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Interview with Lou Rohman, Vice President, XBRL Strategy and Development, Merrill Corporation

Merrill Disclosure Solutions | May 31, 2012

Lou Rohman

Having read Toward XBRL Fluency: Common Mistakes Observed By The SEC, And How To Avoid Them what do you see as the main message in the SEC's observations?

The SEC's main message to filers is that although a significant effort has been put forth to submit XBRL data, certain matters remain and need to be addressed. The SEC's guidance is to consider these issues when submitting subsequent XBRL filings, so as to improve quality. Overall, the SEC wants to collect high-quality data with tagging applied consistently, which will enhance the usability of the data.

What mistake seems to bother the SEC the most?

Any of the issues that the SEC has identified bothers the SEC, but the hot topics now seem to be the improper entry of negative values and the unnecessary use of extensions. Improperly entering a number in the XBRL with the wrong positive/negative sign is bothersome because it conveys an erroneous value for the given item. Equally problematic is the use of unnecessary extensions, because it reduces the ability to compare the XBRL data across companies. If certain items are truly comparable across companies but one filer uses an unnecessary extension, then comparability is compromised.

Do SEC observations since 2009 reflect improvement in XBRL filings?

It is interesting to see that some of the same observations the SEC made in 2009 are repeated in 2010 and again in 2011. I expect this is because each year there is a new group of registrants submitting XBRL for the first time, and the same issues are repeated by the new group of filers. As companies have submitted multiple XBRL filings, however, the quality of those filings has improved. The reason for this is that over time, as mistakes are identified, they are corrected and are not repeated in subsequent filings.

How easy or hard is it to avoid these mistakes?

Most of the mistakes are relatively easy to avoid. I was surprised initially at the frequency and the type of errors that were appearing. Many of these errors could have been prevented by a review of the XBRL by someone with a basic knowledge of accounting and XBRL. For example, the problem of negative values being entered incorrectly is very easy to solve, given an understanding of the elements in the US GAAP taxonomy and how they are applied. Having the right skill set of resources for preparing and reviewing XBRL data is key to avoiding these errors. The right skill set combines knowledge of accounting, XBRL, and SEC requirements. Fortunately, the SEC has pointed out the errors and, since most are easily avoided, I expect their occurrence will diminish significantly.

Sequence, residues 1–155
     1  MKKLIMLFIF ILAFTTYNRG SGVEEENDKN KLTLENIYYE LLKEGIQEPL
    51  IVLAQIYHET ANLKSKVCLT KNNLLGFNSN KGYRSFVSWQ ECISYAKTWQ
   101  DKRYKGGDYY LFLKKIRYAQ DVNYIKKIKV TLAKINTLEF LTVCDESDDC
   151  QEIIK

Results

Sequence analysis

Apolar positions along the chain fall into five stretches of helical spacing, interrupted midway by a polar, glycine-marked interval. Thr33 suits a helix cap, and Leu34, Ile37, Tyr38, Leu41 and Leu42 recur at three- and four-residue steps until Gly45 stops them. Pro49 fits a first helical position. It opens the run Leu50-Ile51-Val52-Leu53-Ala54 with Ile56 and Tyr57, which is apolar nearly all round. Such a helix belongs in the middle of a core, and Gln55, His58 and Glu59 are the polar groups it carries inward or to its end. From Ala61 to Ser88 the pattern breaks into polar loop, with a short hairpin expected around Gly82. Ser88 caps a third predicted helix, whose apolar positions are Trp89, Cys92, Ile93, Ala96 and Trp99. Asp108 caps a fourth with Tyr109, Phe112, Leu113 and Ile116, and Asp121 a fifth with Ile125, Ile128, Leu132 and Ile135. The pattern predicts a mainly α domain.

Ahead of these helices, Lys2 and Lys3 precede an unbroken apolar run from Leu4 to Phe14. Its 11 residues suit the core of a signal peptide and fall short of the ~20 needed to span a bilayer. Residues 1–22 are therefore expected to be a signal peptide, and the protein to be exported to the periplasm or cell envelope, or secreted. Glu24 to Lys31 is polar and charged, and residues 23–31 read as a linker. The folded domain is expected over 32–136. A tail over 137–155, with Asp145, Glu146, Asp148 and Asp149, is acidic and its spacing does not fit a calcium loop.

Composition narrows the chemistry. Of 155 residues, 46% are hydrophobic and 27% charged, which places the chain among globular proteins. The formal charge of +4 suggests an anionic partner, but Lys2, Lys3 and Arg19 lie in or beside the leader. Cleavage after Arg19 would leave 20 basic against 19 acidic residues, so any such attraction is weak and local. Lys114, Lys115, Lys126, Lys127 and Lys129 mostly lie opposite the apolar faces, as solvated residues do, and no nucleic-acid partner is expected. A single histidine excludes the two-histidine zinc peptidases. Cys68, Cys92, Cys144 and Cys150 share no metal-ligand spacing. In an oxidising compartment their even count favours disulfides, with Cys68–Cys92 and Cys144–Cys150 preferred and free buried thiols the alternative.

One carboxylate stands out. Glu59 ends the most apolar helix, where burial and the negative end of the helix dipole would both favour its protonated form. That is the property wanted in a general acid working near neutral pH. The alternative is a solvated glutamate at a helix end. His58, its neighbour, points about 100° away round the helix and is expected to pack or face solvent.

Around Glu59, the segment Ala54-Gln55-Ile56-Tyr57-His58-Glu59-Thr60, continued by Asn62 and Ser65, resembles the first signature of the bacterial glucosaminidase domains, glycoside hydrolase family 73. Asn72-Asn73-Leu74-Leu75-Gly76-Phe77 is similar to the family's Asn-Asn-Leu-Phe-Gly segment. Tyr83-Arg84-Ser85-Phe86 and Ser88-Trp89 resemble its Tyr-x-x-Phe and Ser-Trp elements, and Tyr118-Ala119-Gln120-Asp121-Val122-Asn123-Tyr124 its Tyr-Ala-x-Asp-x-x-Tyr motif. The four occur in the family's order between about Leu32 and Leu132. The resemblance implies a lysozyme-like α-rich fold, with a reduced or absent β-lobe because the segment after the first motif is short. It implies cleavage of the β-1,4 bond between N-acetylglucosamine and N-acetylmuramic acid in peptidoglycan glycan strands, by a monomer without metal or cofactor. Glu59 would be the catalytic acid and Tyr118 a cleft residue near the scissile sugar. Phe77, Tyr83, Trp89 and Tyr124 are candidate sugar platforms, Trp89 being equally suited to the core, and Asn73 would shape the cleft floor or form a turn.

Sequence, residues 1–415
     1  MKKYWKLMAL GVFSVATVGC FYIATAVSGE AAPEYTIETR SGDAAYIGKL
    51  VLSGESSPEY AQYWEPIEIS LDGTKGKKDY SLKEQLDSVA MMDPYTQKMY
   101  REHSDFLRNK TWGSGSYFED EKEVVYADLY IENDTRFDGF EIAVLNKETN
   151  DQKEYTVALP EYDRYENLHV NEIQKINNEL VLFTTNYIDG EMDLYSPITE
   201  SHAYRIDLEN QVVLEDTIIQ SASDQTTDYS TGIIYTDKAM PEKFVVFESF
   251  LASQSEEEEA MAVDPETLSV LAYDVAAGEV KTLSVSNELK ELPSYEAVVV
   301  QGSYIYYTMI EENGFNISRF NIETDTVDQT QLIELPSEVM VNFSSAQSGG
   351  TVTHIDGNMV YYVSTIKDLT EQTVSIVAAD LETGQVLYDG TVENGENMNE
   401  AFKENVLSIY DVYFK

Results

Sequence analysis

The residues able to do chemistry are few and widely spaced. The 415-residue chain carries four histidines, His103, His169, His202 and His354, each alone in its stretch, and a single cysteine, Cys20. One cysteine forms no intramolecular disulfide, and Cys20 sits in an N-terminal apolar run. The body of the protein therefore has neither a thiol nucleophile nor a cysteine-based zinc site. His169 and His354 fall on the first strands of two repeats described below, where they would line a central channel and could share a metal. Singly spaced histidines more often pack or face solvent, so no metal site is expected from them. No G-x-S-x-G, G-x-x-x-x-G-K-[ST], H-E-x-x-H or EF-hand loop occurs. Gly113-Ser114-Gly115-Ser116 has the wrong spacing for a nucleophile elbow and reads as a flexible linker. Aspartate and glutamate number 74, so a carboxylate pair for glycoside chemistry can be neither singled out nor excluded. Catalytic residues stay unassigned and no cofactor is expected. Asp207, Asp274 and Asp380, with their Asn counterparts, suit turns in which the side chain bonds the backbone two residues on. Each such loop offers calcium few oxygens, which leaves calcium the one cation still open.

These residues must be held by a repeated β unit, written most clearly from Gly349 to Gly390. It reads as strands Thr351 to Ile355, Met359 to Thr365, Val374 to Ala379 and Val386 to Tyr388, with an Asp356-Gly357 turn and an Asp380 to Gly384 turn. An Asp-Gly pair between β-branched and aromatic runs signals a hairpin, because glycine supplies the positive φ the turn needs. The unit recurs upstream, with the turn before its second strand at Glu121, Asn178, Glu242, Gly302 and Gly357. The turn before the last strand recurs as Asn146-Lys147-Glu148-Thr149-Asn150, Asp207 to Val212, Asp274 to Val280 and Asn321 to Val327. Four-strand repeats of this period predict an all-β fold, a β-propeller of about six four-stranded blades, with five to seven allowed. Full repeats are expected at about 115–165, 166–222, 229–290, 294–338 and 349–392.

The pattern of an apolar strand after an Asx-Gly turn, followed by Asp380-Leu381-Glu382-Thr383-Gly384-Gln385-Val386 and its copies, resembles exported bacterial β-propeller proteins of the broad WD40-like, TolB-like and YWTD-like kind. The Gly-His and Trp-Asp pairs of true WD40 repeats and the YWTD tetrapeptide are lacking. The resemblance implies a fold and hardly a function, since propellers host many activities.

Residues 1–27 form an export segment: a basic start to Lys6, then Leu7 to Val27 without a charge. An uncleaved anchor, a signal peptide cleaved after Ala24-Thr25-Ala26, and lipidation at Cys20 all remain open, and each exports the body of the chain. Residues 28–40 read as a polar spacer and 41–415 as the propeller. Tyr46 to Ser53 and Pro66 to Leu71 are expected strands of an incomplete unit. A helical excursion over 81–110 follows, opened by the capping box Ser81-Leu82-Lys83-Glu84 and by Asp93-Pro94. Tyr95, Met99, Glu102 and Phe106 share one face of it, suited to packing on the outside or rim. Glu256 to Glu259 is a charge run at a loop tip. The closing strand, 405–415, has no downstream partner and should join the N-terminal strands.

One of the SEC observations is not as simple, however, and will take extra effort from the registrants to get it right. I'm referring to the observation about the proper use of axes and members to represent financial information. Unfortunately, there are many situations where XBRL filings include axis and member combinations that are misaligned or poorly structured. When the pieces of the data are misaligned or some pieces are missing, the user is provided with incomplete, inconsistent, or inaccurate information. This is part of the growing pains, but these problems can be and must be corrected. Although not as simple to correct as the other SEC observations, proper construction of the XBRL by knowledgeable individuals can get this back on track.

How realistic is the advice given by SEC staff?

The SEC staff's advice is relatively easy to implement. Companies should review their filings for each of the items pointed out by the SEC staff to determine if changes need to be made. For example, for the observation that the XBRL rendering does not have to match the HTML exactly, companies simply need to adopt the mindset that XBRL is about the data and not the presentation. Getting the data tagged properly in XBRL is important. The way the XBRL displays for human-readable purposes is of secondary importance.

I agree

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